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California, in partnership with Long Beach and LA County, has begun the process for Project Homekey, a project to convert two hotel properties into homeless properties. One will be a 100 unit project and the other approximately 50 units. While it’s not yet announced which properties have been chosen, the decision has already been made, and these criteria narrow it down significantly. Only one property fits for the 100 unit structure — the Best Western of Long Beach. There are a few different options for the 50 unit project.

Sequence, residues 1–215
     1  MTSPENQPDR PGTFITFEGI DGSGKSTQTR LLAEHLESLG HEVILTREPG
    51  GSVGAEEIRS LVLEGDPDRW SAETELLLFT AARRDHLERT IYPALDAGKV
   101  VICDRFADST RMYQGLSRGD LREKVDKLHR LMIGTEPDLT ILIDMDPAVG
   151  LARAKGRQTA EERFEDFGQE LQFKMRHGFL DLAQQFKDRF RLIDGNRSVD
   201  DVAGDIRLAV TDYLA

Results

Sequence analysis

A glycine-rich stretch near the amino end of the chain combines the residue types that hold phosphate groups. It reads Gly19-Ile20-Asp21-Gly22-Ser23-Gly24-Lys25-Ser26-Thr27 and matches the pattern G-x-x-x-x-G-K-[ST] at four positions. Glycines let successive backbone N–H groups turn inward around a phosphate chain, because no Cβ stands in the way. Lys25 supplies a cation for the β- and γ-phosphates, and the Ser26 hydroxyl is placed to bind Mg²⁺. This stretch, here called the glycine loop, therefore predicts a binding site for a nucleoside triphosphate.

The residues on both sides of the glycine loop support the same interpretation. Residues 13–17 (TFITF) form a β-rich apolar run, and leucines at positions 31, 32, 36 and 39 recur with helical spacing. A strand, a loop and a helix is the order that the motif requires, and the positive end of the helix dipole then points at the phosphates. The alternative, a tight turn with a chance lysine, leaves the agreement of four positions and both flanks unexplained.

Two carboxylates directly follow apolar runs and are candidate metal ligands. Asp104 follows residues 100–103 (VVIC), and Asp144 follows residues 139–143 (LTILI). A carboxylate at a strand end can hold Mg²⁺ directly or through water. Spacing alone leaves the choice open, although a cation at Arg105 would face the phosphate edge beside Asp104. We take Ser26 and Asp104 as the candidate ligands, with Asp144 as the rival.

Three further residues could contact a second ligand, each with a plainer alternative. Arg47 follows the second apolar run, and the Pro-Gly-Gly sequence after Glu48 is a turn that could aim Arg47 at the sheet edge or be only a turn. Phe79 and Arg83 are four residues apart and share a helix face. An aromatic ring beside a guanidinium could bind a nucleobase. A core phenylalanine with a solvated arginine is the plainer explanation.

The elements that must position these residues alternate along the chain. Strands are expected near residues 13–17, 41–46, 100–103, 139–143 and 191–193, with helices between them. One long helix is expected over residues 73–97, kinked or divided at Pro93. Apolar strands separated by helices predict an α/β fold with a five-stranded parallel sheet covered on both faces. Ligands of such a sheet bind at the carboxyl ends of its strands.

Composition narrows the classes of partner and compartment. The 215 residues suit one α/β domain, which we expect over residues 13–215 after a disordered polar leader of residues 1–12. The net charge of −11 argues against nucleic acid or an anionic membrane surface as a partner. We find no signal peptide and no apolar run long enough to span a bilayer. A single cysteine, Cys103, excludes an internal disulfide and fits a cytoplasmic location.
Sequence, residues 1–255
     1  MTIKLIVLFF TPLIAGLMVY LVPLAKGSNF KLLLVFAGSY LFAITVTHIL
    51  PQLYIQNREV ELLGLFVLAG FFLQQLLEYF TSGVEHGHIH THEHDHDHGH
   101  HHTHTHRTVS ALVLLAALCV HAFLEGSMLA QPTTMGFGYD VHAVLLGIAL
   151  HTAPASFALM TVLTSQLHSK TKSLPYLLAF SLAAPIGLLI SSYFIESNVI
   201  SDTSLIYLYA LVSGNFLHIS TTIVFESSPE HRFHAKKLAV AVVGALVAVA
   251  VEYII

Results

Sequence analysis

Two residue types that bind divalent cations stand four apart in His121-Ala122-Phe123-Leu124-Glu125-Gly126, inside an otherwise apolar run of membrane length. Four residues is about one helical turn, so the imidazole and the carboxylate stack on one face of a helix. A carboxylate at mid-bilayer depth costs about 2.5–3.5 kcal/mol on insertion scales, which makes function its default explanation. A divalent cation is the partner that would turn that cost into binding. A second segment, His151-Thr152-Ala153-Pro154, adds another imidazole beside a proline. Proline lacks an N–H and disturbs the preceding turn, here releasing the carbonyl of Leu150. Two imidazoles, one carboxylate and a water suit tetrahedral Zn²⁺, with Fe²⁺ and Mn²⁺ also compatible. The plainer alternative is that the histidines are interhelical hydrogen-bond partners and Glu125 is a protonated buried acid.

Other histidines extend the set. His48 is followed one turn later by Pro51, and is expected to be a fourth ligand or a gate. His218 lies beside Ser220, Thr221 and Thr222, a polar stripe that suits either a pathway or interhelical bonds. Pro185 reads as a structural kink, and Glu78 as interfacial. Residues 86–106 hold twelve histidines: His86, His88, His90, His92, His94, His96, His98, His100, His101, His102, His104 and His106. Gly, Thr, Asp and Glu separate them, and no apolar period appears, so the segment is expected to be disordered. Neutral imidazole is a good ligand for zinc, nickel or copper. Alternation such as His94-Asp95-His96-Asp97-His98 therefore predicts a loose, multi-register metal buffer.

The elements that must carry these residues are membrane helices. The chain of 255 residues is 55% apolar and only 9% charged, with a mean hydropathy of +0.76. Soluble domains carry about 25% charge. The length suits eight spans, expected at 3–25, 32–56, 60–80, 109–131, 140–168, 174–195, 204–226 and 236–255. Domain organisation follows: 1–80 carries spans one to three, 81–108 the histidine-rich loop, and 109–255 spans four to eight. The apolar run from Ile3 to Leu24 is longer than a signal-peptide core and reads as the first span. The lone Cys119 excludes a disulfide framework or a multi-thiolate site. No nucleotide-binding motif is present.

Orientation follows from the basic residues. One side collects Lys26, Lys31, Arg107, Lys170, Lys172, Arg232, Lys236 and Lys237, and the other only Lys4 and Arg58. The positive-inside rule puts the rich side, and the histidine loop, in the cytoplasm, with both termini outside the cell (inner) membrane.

The converted units aren’t going to be ready immediately. The properties have not yet been purchased, and the deadline to do so is December 30, so it could be up to two months before the conversion even begins. The contract for funding the conversion process is expected to last several years, though the conversion could already be complete before the contract expires.